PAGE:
President Barack Obama visited Laos a few days ago, the first holder of his office to do so. He made a speech. It mentions Lao culture, Laotian minorities, Laotians in the United States, bomb clearance, human rights, TPP, China, ASEAN… There is one unspecific sentence on climate change.
Laos ratified the Paris Agreement on climate change one day later, on 7 September, taking the numbers to 27 countries, still at 39% of emissions.
This was not difficult diplomacy. The ratification can’t be something Obama asked for during the visit. It was probably more like this. Laos has signed the agreement and filed an INDC, so ratification was just a matter of signing and filing the paperwork (a task apparently still too hard for the foreign ministries of the EU members and Brazil). The government knows that the Paris Agreement is important to Obama. If not, the White House and the State Department will have reminded it in the preparations. So ratification was timed as an icebreaker for his visit. Thirty seconds at the start of the meeting for congratulations, then they moved on.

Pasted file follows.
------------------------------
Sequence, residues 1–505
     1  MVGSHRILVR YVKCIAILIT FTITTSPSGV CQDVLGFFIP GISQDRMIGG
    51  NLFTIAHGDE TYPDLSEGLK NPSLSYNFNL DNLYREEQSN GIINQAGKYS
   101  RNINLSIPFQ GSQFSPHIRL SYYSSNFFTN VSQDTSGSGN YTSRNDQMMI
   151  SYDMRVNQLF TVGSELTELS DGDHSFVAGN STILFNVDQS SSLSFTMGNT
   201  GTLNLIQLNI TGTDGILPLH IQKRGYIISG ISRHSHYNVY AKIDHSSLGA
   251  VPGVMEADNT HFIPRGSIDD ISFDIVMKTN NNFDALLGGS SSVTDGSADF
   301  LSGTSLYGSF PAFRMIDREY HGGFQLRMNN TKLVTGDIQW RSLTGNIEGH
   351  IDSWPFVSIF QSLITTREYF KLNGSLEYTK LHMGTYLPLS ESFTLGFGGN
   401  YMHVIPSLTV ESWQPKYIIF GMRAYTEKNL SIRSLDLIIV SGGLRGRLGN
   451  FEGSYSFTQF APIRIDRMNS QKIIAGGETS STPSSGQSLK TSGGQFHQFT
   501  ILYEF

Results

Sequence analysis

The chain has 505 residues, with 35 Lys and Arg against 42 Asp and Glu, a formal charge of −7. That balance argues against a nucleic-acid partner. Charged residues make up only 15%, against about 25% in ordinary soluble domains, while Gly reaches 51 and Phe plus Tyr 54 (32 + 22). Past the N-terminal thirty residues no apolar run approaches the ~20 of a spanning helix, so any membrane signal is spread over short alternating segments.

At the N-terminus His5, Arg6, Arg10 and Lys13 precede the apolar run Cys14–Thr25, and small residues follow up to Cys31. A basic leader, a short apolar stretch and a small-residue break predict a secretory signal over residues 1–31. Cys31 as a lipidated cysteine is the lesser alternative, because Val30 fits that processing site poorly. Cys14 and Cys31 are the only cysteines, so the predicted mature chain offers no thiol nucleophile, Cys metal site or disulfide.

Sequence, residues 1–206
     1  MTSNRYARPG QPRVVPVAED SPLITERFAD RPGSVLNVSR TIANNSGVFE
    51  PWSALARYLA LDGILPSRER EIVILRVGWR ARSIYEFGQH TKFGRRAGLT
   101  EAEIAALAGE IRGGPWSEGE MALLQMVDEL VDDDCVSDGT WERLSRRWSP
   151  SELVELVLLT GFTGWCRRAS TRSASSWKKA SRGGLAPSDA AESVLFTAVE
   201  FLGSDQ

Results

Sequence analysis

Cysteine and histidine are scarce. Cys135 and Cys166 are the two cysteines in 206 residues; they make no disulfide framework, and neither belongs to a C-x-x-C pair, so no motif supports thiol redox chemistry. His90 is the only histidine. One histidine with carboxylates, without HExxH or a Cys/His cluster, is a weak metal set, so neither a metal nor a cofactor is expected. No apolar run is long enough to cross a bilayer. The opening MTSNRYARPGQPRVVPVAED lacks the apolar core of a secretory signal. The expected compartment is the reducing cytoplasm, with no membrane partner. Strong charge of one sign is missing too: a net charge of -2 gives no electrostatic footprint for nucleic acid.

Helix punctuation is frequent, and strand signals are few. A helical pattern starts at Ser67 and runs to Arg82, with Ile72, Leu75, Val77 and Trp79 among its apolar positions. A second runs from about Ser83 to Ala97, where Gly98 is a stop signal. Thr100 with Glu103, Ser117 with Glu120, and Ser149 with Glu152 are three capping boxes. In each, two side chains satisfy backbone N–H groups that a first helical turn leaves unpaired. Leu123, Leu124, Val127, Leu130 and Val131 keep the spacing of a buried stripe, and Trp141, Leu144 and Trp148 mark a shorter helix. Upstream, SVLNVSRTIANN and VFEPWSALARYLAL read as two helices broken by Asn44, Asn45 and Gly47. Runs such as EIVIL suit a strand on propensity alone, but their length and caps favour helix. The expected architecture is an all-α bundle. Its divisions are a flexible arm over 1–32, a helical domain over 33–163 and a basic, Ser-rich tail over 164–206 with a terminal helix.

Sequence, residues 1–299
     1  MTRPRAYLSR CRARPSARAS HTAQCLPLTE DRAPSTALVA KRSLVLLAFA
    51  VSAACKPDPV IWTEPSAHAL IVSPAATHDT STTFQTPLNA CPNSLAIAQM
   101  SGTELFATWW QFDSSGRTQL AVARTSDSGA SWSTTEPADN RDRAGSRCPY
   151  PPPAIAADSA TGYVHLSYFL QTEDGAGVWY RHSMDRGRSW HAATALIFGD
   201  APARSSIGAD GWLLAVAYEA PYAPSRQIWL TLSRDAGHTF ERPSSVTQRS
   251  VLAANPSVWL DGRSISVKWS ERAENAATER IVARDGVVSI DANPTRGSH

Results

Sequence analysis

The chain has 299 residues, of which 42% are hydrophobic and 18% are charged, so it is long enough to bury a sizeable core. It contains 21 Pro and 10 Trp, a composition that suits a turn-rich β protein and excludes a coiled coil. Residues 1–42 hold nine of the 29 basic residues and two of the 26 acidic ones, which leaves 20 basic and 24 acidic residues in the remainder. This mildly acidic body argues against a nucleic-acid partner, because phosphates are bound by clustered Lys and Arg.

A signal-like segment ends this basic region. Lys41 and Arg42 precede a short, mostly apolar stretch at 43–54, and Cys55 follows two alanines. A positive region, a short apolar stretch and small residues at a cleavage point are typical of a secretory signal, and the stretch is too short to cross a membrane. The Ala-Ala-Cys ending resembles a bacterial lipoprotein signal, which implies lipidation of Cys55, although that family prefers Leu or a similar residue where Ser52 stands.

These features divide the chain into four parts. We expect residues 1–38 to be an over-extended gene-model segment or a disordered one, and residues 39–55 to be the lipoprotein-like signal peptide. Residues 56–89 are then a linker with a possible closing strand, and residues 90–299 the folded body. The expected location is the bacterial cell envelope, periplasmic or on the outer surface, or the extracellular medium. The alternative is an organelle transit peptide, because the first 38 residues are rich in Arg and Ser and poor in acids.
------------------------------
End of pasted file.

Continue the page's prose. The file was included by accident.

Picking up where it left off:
Most of the working day of a President and the staff must be spent on issues like this: individually not very important, but they add up to his or her legacy. We know already which of the candidates for the office will leave one.